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Math for Kids23 chapters | 325 lessons

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Instructor:
*Nick Rogers*

Prime numbers are important to mathematicians, and there are many ways to find them. The sieve of Eratosthenes is one of the first that was ever developed, which you'll explore here.

Eratosthenes was a Greek scientist who lived nearly 2,000 years ago, studied geography, and made some of the first maps of the entire known world. He is credited with inventing a method for finding prime numbers known as a sieve. Lets review some information about factors and prime numbers that can help us understand his sieve.

Numbers are made up of other numbers called **factors**. We can think of factors as the building blocks of a number. Consider the number 12, which can be written as 3 x 4, or 6 x 2, or 12 x 1. The factors of 12 are 1, 2, 3, 4, 6, and 12. Numbers always have themselves and '1' as factors since any number can be written as itself times 1.

One reason that it is useful to break a number into its factors is because it makes multiplication easier. If we multiply 12 x 36, we can use the fact that 12 = 3 x 4, 36 = 6 x 6, and 6 = 3 x 2 to see that:

- 12 x 36 = (3 x 4) x (6 x 6)
- 12 x 36 = 3 x 4 x 3 x 2 x 3 x 2

Do you see how we've just written a complicated multiplication problem as many small problems? This is one of the benefits of factoring.

**Prime numbers** are numbers that can be divided cleanly by only themselves and 1. The first few prime numbers are 2, 3, 5, and 7. Can you find some more? Prime numbers are the essential building blocks of all numbers.

If we try to break apart the multiplication problem 7 x 13 as we did above, we will not be able to. This is because 7 and 13 are both prime numbers. There is no way to simplify them any further. In fact, any number can always be written as a product of primes. Why not try some out for yourself?

Sieves or 'sifters' are typically used for separating solid materials from liquids. They usually have a metal mesh, and you may have seen one in a kitchen. The **sieve of Eratosthenes** works in much the same way - except instead of pouring liquid through it, you pour numbers. In order to apply the sieve, just follow these simple steps:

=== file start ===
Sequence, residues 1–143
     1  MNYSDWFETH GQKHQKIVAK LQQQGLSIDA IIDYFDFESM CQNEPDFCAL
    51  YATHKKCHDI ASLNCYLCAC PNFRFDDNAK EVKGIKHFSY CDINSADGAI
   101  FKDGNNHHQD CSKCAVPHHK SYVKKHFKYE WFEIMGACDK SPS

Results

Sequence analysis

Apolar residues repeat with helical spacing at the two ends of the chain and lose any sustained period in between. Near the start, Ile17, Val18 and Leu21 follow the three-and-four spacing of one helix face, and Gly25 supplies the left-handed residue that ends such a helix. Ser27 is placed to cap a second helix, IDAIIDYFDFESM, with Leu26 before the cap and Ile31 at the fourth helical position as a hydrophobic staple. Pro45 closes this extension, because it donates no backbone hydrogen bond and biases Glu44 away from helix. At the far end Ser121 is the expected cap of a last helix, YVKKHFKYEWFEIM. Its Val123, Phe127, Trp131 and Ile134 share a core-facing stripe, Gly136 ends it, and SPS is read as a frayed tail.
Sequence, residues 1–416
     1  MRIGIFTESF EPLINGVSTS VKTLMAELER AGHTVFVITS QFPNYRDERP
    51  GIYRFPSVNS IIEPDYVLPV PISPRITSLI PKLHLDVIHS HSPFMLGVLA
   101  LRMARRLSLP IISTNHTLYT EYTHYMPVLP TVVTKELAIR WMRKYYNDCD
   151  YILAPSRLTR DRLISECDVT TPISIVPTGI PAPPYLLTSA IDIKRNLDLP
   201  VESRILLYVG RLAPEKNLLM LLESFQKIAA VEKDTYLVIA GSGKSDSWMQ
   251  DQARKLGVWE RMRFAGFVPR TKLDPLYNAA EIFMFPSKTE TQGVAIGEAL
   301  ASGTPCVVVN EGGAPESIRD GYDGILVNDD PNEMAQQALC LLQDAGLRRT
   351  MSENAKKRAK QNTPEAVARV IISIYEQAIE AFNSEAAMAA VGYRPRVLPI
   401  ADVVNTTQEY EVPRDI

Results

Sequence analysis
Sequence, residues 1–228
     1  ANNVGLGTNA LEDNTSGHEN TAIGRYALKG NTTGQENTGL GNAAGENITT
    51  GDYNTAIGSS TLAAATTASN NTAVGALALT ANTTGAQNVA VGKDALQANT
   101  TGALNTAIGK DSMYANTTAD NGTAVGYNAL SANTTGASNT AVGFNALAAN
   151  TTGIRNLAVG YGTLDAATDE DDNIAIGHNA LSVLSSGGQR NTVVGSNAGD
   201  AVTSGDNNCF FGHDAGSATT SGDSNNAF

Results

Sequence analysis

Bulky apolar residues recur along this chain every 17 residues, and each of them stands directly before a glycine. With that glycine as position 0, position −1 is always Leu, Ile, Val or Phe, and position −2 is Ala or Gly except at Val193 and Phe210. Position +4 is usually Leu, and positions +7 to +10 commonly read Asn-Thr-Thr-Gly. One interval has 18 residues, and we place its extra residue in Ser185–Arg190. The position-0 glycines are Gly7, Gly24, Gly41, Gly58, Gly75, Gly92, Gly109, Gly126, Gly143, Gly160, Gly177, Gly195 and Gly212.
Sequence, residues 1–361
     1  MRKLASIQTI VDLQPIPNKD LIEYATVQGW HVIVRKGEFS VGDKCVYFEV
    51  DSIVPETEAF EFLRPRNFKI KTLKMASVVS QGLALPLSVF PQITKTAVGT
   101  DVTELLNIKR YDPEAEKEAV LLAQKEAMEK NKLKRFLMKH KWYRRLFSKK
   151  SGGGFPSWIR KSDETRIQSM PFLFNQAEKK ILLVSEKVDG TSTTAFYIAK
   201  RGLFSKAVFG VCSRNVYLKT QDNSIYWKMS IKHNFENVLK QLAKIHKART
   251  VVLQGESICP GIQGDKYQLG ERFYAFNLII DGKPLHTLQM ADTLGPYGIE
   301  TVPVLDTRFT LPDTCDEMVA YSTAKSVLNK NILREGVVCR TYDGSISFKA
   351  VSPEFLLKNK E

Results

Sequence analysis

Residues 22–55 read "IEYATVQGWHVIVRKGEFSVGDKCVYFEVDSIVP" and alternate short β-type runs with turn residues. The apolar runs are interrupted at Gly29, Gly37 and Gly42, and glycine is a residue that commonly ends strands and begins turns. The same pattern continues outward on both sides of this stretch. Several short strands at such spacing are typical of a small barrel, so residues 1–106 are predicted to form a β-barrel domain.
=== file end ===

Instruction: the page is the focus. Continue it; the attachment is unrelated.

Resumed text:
1. Begin with a large set of numbers that you would like to remove non-primes from, and put them in order.

2. Take the first non-prime that you find (such as 2), and remove all of the multiples of that number from the set ( 4, 6, 8...).

3. Repeat the second step with the next prime number.

Sounds pretty simple right? Let's try an example. Suppose we want to find all of the primes in the numbers from 1 to 15. We'll begin with {1, 2, 3, 4, 5, 6, 7, 8, 9, 10, 11, 12, 13, 14, 15}.

1. Start by removing 1, since it is not considered a prime. Now remove all of the multiples of 2 because if something is a multiple of 2, it cannot be a prime. You'll have: {2, 3, 5, 7, 9, 11, 13, 15}.

2. Now remove all the multiples of 3, but leave 3 alone: {2, 3, 5, 7, 11, 13, 15}.

3. Now remove all of the multiples of 5. There is only one: 15. This leaves you with: {2, 3, 5, 6, 11, 13}.

Since there are no multiples of 6, 11, or 13 left, these are all of the primes that are less than 15. The sieve method can be used on much larger sets of numbers as well; it works perfectly no matter how many numbers you begin with.

Bonus Question: Does it matter if we put the numbers in order first? What would happen if we didn't?

In this lesson, you learned about using the ** sieve of Eratosthenes**, a method for finding **prime numbers**. We also discussed **factors** and how numbers can be broken down as the product of smaller numbers. Any number always has itself and '1' as factors.

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Math for Kids23 chapters | 325 lessons

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- What is an Abundant Number?
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- Finding the Sum of Consecutive Numbers 4:10
- What is a Cubed Number?
- What is a Deficient Number?
- What Are Figurate Numbers? - Definition & Examples
- What Are Opposite Numbers? - Definition & Examples 2:53
- What Are Rectangular Numbers? - Definition & Examples 3:05
- Like & Unlike Terms
- Is Zero an Integer?
- Is Zero a Natural Number? 2:37
- Sieve of Eratosthenes: Lesson for Kids
- Go to Types of Numbers for Elementary School

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